The World Health Organisation on Friday said it had "no doubt" that a successful vaccine against the new swine flu virus that could be made in a "short period of time" and in large quantities.
"We have no doubt that making a successful vaccine is possible in a relatively short period of time," said Marie-Paule Kieny, WHO Director of the Initiative for Vaccine Research.
Availability would take "four to six months between the time the virus is isolated to the availability of the first dose," she told reporters.
Kieny said a vaccine would be easy to produce using traditional methods of developing and producing vaccines, as well as more complex reverse genetic technology.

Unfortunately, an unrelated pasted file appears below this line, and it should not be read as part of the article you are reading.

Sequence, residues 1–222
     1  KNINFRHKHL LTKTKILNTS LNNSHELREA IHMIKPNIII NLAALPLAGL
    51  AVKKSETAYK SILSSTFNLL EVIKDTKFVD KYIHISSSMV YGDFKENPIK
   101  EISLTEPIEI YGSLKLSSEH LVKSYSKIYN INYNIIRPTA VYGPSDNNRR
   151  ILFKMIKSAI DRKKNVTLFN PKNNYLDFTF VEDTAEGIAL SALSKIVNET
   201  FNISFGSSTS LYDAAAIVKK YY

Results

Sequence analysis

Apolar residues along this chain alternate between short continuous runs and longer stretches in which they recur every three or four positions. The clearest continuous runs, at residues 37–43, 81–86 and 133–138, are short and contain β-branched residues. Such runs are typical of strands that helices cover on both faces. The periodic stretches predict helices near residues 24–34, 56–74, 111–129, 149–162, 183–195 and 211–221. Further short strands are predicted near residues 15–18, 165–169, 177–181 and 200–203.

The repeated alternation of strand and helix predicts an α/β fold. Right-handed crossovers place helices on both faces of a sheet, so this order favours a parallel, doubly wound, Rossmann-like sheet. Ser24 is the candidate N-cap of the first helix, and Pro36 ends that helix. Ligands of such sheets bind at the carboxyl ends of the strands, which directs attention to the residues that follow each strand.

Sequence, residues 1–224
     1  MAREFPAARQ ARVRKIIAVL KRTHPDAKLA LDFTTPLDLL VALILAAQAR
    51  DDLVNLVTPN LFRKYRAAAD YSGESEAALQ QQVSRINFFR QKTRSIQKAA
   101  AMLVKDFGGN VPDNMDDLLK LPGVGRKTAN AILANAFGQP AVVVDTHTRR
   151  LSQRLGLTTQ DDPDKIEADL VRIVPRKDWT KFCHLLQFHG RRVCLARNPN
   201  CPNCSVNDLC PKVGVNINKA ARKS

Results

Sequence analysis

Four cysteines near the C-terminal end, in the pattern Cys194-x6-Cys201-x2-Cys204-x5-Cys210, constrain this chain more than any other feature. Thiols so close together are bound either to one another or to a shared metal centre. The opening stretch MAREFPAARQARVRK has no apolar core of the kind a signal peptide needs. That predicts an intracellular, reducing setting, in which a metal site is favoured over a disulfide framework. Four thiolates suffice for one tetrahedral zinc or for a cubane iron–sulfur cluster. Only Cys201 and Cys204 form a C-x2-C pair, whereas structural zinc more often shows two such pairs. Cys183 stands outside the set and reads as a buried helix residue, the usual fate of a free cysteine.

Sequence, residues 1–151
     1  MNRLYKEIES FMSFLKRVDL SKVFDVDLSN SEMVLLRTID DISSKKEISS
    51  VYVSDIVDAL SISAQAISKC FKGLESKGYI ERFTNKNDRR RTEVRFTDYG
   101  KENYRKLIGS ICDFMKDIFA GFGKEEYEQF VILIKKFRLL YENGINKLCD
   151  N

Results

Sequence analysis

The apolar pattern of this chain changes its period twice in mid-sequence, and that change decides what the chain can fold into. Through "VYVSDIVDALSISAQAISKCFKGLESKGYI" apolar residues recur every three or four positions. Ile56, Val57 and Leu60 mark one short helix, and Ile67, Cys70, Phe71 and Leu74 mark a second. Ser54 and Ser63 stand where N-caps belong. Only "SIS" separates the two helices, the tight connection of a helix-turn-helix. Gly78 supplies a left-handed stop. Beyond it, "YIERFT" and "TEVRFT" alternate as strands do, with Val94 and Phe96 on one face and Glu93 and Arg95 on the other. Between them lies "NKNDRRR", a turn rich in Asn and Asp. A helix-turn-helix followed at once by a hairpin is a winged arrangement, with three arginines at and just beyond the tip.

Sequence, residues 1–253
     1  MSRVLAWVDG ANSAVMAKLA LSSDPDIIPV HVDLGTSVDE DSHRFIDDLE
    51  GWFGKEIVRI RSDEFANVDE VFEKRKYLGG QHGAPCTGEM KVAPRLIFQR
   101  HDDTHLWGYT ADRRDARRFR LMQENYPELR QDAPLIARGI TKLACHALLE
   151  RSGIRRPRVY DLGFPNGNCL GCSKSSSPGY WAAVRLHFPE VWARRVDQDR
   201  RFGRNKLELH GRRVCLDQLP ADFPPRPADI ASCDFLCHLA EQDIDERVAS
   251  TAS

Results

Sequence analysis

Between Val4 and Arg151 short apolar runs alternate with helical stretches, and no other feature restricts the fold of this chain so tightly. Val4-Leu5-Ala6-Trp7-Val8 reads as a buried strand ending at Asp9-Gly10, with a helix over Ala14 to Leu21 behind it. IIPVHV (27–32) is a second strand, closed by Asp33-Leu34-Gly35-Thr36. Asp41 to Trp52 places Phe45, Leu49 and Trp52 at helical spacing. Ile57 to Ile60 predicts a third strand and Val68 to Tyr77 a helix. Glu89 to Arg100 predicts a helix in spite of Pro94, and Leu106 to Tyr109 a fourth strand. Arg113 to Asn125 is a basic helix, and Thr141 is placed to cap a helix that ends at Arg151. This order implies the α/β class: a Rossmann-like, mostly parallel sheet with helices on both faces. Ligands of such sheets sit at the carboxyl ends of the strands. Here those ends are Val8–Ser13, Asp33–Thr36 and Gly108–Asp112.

Dozens of manufacturers around the world, in both industralised and developing countries, had been approached and were committed to produce a vaccine against the new influenza A(H1N1).
"The main capacity is in Europe and North America but there are serious manufacturers in other parts of the world, in Asia in particular," she added.
"They still don't have the material that will allow them to start but they are already putting things in place that will allow them to do so as soon as possible."
The volume produced was still uncertain said Kieny. But her "best estimate is that there would be around one to two billion doses minimum available in one year."